"I'd rather not. I want to go to the studio."
I hesitated a moment.
"Would you like me to come with you?" I asked then.
"No; I should prefer to be alone."
I gave the driver the necessary direction, and in renewed silence we drove on. Dirk had not been to the studio since the wretched morning on which they had taken Blanche to the hospital. I was glad he did not want me to accompany him, and when I left him at the door I walked away with relief. I took a new pleasure in the streets of Paris, and I looked with smiling eyes at the people who hurried to and fro. The day was fine and sunny, and I felt in myself a more acute delight in life. I could not help it; I put Stroeve and his sorrows out of my mind. I wanted to enjoy.
I did not see him again for nearly a week. Then he fetched me soon after seven one evening and took me out to dinner. He was dressed in the deepest mourning, and on his bowler was a broad black band. He had even a black border to his handkerchief. His garb of woe suggested that he had lost in one catastrophe every relation he had in the world, even to cousins by marriage twice removed. His plumpness and his red, fat cheeks made his mourning not a little incongruous. It was cruel that his extreme unhappiness should have in it something of buffoonery.
He told me he had made up his mind to go away, though not to Italy, as I had suggested, but to Holland.
"I'm starting to-morrow. This is perhaps the last time we shall ever meet."
I made an appropriate rejoinder, and he smiled wanly.
"I haven't been home for five years. I think I'd forgotten it all; I seemed to have come so far away from my father's house that I was shy at the idea of revisiting it; but now I feel it's my only refuge."
He was sore and bruised, and his thoughts went back to the tenderness of his mother's love. The ridicule he had endured for years seemed now to weigh him down, and the final blow of Blanche's treachery had robbed him of the resiliency which had made him take it so gaily. He could no longer laugh with those who laughed at him. He was an outcast. He told me of his childhood in the tidy brick house, and of his mother's passionate orderliness. Her kitchen was a miracle of clean brightness. Everything was always in its place, and no where could you see a speck of dust. Cleanliness, indeed, was a mania with her. I saw a neat little old woman, with cheeks like apples, toiling away from morning to night, through the long years, to keep her house trim and spruce. His father was a spare old man, his hands gnarled after the work of a lifetime, silent and upright; in the evening he read the paper aloud, while his wife and daughter (now married to the captain of a fishing smack), unwilling to lose a moment, bent over their sewing. Nothing ever happened in that little town, left behind by the advance of civilisation, and one year followed the next till death came, like a friend, to give rest to those who had laboured so diligently.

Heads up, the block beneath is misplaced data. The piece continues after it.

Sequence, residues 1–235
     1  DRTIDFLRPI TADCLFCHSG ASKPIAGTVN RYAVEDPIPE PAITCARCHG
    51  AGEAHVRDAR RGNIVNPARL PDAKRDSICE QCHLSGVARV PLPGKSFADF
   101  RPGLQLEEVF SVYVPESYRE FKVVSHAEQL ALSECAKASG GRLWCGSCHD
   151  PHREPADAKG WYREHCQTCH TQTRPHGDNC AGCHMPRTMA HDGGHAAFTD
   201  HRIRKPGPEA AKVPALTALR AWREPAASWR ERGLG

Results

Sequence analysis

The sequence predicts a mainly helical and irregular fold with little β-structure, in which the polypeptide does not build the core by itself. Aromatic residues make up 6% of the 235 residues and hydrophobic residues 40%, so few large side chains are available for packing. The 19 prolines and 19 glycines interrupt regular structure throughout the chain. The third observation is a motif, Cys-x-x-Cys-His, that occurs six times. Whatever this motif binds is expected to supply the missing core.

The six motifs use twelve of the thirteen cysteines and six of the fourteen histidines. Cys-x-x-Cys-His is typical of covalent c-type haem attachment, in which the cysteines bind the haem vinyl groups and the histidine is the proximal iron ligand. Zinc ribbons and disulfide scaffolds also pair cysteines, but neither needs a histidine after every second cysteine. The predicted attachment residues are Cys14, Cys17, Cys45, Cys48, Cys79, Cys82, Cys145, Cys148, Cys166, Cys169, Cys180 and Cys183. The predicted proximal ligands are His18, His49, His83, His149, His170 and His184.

"My father wished me to become a carpenter like himself. For five generations we've carried on the same trade, from father to son. Perhaps that is the wisdom of life, to tread in your father's steps, and look neither to the right nor to the left. When I was a little boy I said I would marry the daughter of the harness-maker who lived next door. She was a little girl with blue eyes and a flaxen pigtail. She would have kept my house like a new pin, and I should have had a son to carry on the business after me."
Stroeve sighed a little and was silent. His thoughts dwelt among pictures of what might have been, and the safety of the life he had refused filled him with longing.
"The world is hard and cruel. We are here none knows why, and we go none knows whither. We must be very humble. We must see the beauty of quietness. We must go through life so inconspicuously that Fate does not notice us. And let us seek the love of simple, ignorant people. Their ignorance is better than all our knowledge. Let us be silent, content in our little corner, meek and gentle like them. That is the wisdom of life."
To me it was his broken spirit that expressed itself, and I rebelled against his renunciation. But I kept my own counsel.
"What made you think of being a painter?" I asked.
He shrugged his shoulders.
"It happened that I had a knack for drawing. I got prizes for it at school. My poor mother was very proud of my gift, and she gave me a box of water-colours as a present. She showed my sketches to the pastor and the doctor and the judge. And they sent me to Amsterdam to try for a scholarship, and I won it. Poor soul, she was so proud; and though it nearly broke her heart to part from me, she smiled, and would not show me her grief. She was pleased that her son should be an artist. They pinched and saved so that I should have enough to live on, and when my first picture was exhibited they came to Amsterdam to see it, my father and mother and my sister, and my mother cried when she looked at it." His kind eyes glistened. "And now on every wall of the old house there is one of my pictures in a beautiful gold frame."